Software-as-a-service (SaaS) will bring the overdue demise of great swathes of the IT industry. So say the evangelists of the SaaS delivery model.
Not least among the walking wounded will be systems integrators, whose lifeblood will dry up when end-user organisations rid themselves of their tangled infrastructures in favour of Internet-based computing.
But the idea that direct delivery of software from vendor to user will put paid to middlemen is confounded by the success of BlueWolf, a SaaS-only IT consultancy that launched in 2000 and opened in the UK earlier this year – its first European office.
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According to Penny O’Rourke, newly appointed MD of BlueWolf’s European division, the company is as distinct from traditional consultancies as SaaS is from traditional software delivery.
Its adherence to agile development principles makes it a quintessentially different beast, she says.
“With traditional consulting projects, by the time the systems have been installed, the requirements have changed, or the marketplace has changed,” she says. “The agile methodology allows BlueWolf to deliver on projects much more quickly, often in 30, 60 or 90 days, therefore delivering what the business needs in a much more timely manner.”
Much of BlueWolf’s work relates to online CRM provider Salesforce.com.
The pioneering work which that company has done to build a platform and development ecosystem around its core application accentuates the benefits of the agile methodology, says O’Rourke. “Salesforce.com, as a tool, allows us to develop business requirements in an iterative manner, which enables rapid time to value,” she says.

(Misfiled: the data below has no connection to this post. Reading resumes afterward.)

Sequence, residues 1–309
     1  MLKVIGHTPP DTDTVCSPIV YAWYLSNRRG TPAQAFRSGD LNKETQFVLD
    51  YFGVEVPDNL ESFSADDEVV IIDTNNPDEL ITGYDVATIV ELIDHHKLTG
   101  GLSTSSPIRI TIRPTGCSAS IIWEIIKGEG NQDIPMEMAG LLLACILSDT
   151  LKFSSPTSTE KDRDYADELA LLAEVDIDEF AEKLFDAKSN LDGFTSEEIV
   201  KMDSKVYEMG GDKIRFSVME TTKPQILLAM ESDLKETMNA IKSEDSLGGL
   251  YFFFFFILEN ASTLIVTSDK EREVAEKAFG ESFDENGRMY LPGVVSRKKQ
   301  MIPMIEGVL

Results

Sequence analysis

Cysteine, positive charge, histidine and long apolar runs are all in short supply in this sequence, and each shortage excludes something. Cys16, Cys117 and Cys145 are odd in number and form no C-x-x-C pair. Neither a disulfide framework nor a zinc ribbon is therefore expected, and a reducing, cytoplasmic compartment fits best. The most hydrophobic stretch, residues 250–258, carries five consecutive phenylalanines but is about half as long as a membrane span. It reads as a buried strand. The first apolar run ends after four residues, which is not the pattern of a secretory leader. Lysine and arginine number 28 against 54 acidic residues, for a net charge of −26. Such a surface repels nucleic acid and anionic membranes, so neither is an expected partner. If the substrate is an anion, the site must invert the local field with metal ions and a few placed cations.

BlueWolf also exploits Salesforce.com’s AppExchange – an online marketplace where developers can sell their supplementary applications – to drive business. The company sells Integrator – the software it uses to integrate Salesforce.com implementations with on-premise software – through the AppExchange, thereby tapping into a ready-made user community to produce leads for consultancy contracts.
It also uses software from third parties that is available on the AppExchange to develop systems for its clients, such as a marketing module from BigMachines. “We are moving beyond CRM to create new applications,” says Sklar.
But in a familiar refrain that proves that BlueWolf is – at least in part – a typical IT consultancy, the company insists that it is an understanding of business process, not new-fangled technology, that makes its service offering compelling.
And if its existence proves that SaaS does not portend the death of the IT consultant, BlueWolf is equally keen to dismiss the idea that it also spells the end for the IT department.
“As far as we are concerned, SaaS is not about getting rid of IT staff,” says O’Rourke. “It is about making IT staff into heroes, by allowing them to deliver users what they want, when they want it.”
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